B17G Serial Number 4231044

Pilot (P): Frank G. Chaplick
Co-pilot (CP): Ward H. Skaggs
Navigator (N): Thomas M. Cowell
Bombardier (B): Armand C. Sedgeley
Top Turret Gunner (TTG): Frank E. Bradley
Radio Operator (RO): Robert F. Householder - KIA
Waist Gunner (WG): George J. Murphy - KIA
Waist Gunner (WG): Joseph P. Baron
Ball Turret Gunner (BTG): Orville F. Grilliot
Tail Gunner (TG): Tony Duca -KIA

The 14 February 1944 mission was to bomb the railroad yards at Verona, Italy. Because of severe fog and undercast, the formation could not locate the target (no mention of heading to secondary target or targets of opportunity).

Frank C. Chaplick's aircraft was hit by about 12 enemy aircraft over the target area. Two engines were knocked out and the aircraft began skidding toward the outer edge of the formation. As a straggler, the enemy aircraft singled it out and concentrated their attacks upon it.

The tail guns jammed when the first enemy aircraft attacked. A second enemy aircraft, realizing that the tail turret was inoperative, closed to point blank range from astern before firing. This aircraft killed the radio operator, one waist gunner, the tail gunner and severely wounded the remaining waist gunner as well as inflicting light wounds on two others.

The third fighter to attack was shot down (exploded in air) by the wounded top turret gunner, Sgt. Frank E. Bradley before his turret also became inoperative. The fourth fighter was shot down by ball turret gunner Orville F. Grilliot. The navigator and bombardier combined to shoot down a further enemy aircraft before American P- 47s arrived to drive off the onslaught.

At Chaplick's order, Bradley and Grilliot worked to lighten the load, throwing overboard as much equipment as possible. In sight of the field at Calvi, a third engine quit and Chaplick had no option but to ditch, with the aircraft landing in the sea about 100 yards offshore. Except for the pilot and the co-pilot, the remainder of the crew gathered in the radio compartment with two of the dead for the ditching. Sedgeley, the bombardier, tried to get Tony Duca out of the tail turret to apply first aid but found him dead.

The aircraft stayed intact in the ditching but as we now know the tail broke off as it sank. The crew managed to deploy and get into the life rafts, but were unable to bring the three dead crewmembers with them. The three KIAs were listed as Robert F. Householder, George J. Murphy and Tony (no middle initial given) Duca.

Sea Tech working with a U.S. Army representative wishes to locate the tail section of the aircraft  and exhume the three remaining crew members. Returning them back home to the U.S. for proper burial.

Additional background.

The 97th BG had previously been based at Depienne, Tunisia, and had moved about 500 miles to San Giovanni (near Cerignola) Italy in December 1943, flying their mission from Italy on 14 December. (The full complement of ground crew finally arrived at San Giovanni from Depienne on 26 Dec.)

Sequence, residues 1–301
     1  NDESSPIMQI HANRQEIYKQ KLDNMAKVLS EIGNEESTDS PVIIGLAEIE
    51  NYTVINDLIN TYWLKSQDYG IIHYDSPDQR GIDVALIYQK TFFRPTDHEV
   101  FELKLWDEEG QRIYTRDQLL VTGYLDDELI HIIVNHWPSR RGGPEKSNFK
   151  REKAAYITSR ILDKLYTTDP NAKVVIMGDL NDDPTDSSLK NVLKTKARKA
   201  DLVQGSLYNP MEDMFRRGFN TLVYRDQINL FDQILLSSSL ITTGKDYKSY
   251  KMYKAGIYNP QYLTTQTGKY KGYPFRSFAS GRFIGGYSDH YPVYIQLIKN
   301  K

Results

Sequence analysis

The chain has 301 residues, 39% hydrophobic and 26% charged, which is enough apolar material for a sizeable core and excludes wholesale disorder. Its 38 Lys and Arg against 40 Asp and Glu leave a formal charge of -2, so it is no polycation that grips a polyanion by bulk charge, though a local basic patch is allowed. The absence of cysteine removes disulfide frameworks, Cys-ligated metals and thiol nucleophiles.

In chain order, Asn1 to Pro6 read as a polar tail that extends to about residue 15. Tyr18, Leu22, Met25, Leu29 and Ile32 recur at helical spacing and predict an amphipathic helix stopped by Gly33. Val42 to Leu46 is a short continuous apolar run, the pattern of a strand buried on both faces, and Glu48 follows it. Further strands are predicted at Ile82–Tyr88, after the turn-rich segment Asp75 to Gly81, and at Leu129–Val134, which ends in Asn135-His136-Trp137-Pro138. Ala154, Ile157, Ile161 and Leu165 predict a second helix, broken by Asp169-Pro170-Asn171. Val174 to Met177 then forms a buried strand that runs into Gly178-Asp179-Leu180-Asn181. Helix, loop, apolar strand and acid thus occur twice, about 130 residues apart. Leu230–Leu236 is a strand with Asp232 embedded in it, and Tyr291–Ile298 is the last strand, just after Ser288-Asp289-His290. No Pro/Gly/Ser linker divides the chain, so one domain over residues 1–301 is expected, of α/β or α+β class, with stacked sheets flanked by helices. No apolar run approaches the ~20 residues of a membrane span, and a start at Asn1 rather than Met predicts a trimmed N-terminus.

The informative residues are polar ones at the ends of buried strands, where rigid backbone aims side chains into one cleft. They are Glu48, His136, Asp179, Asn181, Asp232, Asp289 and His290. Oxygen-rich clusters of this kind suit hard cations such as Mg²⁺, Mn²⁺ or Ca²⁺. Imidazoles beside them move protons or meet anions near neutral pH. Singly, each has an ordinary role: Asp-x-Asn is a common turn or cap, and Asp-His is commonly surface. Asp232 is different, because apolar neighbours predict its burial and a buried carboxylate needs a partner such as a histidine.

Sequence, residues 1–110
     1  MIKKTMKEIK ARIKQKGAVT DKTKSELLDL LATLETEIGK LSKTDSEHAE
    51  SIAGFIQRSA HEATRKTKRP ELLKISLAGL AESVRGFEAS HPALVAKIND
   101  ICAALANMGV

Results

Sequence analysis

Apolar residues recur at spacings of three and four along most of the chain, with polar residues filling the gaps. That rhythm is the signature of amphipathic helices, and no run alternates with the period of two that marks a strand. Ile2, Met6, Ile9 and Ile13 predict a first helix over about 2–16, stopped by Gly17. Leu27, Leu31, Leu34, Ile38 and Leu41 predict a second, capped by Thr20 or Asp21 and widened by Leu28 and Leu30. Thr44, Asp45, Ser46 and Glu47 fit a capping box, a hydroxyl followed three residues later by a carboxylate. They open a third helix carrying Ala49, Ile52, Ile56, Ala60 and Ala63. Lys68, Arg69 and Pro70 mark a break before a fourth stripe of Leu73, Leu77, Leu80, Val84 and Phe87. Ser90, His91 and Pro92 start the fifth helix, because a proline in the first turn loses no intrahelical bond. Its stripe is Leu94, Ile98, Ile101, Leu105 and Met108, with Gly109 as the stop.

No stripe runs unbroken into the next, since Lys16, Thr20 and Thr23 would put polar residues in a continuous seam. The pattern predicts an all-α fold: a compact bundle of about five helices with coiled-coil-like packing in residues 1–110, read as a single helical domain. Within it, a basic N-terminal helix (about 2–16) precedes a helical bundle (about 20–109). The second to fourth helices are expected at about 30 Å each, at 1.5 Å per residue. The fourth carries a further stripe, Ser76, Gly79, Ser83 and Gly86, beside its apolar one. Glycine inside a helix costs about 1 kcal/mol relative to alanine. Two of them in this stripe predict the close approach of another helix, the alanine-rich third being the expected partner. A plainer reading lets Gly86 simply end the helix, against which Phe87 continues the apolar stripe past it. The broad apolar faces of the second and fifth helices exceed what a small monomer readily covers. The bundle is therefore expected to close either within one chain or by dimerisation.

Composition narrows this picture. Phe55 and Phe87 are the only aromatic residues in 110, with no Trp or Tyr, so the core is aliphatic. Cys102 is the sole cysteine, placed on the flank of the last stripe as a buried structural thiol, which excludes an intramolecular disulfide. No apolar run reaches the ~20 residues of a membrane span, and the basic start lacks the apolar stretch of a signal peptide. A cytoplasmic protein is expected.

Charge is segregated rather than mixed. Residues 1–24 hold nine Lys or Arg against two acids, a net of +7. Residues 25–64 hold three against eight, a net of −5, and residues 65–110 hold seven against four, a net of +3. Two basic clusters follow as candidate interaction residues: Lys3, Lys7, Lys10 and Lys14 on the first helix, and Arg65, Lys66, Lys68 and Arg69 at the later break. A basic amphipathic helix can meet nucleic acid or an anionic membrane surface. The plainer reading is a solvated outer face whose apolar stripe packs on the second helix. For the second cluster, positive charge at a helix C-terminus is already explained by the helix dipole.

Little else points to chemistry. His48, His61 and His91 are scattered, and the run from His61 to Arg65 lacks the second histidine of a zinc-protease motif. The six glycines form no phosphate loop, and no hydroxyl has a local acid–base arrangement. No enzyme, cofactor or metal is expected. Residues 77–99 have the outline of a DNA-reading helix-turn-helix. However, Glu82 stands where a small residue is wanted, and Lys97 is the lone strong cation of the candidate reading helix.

San Giovanni was not really a suitable place for an airstrip, as the the only level ground large enough for the runway was in a low lying area that was prone to flooding. Even the steel matting laid down as a runway surface soon sank into the mud and became uneven, causing numerous tire punctures. There's mention of loading bombs into the aircraft while watching the tires sink deeper and deeper into the mud. Seven missions were flown from San Giovanni in December.

The search began practically immediately for a more suitable location. A site about 25 miles NE was chosen, known by the Italians as Amendola and by the Luftwaffe as Foggia No. 7. The group began moving to Amendola on 17 January 1944. This base was also the home of the 2nd BG (B-17s) and the RAF's No. 205 Group (Halifaxes and B-24s for night ops.), making it one of the busier airfields in Italy.

The 97th BG flew 21 missions in January, despite the mud and the move, but bad weather severely curtailed operations in February. Two major snowfalls and bitter cold allowed only nine missions to be flown that month. An additional seven missions were scrubbed after crew briefings, six were scrubbed prior to briefings, and two more were aborted after takeoff.

The day after Chaplick's aircraft was shot down, the Benedectine Abbey at Monte cassio was bombed. The 97th BG was in the last wave of the attack on the Abbey, and carried incendiaries.

The wreck of the aircraft now lies at 28 meters off the coast of Calvi in Corsica. The tail has become detatched but lies nearby.

Here are some photos of the aircraft as it is today



This photograph, provided by Philippe Castellano, shows the survivors of the
ditching in their dingy and the fuel stain on the water from the crashed aircraft
can clearly be seen. 

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